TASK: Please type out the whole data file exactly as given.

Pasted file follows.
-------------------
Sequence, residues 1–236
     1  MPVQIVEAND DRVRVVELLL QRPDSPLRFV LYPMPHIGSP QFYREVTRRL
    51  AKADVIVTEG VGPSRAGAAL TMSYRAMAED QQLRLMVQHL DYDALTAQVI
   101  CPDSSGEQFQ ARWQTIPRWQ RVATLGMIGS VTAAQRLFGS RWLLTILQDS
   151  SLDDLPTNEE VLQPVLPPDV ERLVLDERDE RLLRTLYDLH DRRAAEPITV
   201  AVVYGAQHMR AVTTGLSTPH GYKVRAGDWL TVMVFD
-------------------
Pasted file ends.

Sequence, residues 1–236
     1  MPVQIVEAND DRVRVVELLL QRPDSPLRFV LYPMPHIGSP QFYREVTRRL
    51  AKADVIVTEG VGPSRAGAAL TMSYRAMAED QQLRLMVQHL DYDALTAQVI
   101  CPDSSGEQFQ ARWQTIPRWQ RVATLGMIGS VTAAQRLFGS RWLLTILQDS
   151  SLDDLPTNEE VLQPVLPPDV ERLVLDERDE RLLRTLYDLH DRRAAEPITV
   201  AVVYGAQHMR AVTTGLSTPH GYKVRAGDWL TVMVFD